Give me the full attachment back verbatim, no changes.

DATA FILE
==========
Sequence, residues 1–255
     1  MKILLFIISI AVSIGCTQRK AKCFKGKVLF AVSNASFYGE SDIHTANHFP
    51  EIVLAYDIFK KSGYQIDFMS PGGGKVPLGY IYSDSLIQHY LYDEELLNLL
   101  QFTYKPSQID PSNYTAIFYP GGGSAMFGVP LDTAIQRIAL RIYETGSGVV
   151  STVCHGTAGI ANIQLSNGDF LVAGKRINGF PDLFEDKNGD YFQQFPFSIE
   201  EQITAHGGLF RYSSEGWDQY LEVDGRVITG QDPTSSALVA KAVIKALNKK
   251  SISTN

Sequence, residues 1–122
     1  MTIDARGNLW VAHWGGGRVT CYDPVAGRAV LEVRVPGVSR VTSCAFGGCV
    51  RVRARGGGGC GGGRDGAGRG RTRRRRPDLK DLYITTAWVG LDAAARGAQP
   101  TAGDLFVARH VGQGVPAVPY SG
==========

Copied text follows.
Sequence, residues 1–255
     1  MKILLFIISI AVSIGCTQRK AKCFKGKVLF AVSNASFYGE SDIHTANHFP
    51  EIVLAYDIFK KSGYQIDFMS PGGGKVPLGY IYSDSLIQHY LYDEELLNLL
   101  QFTYKPSQID PSNYTAIFYP GGGSAMFGVP LDTAIQRIAL RIYETGSGVV
   151  STVCHGTAGI ANIQLSNGDF LVAGKRINGF PDLFEDKNGD YFQQFPFSIE
   201  EQITAHGGLF RYSSEGWDQY LEVDGRVITG QDPTSSALVA KAVIKALNKK
   251  SISTN

Sequence, residues 1–122
     1  MTIDARGNLW VAHWGGGRVT CYDPVAGRAV LEVRVPGVSR VTSCAFGGCV
    51  RVRARGGGGC GGGRDGAGRG RTRRRRPDLK DLYITTAWVG LDAAARGAQP
   101  TAGDLFVARH VGQGVPAVPY SG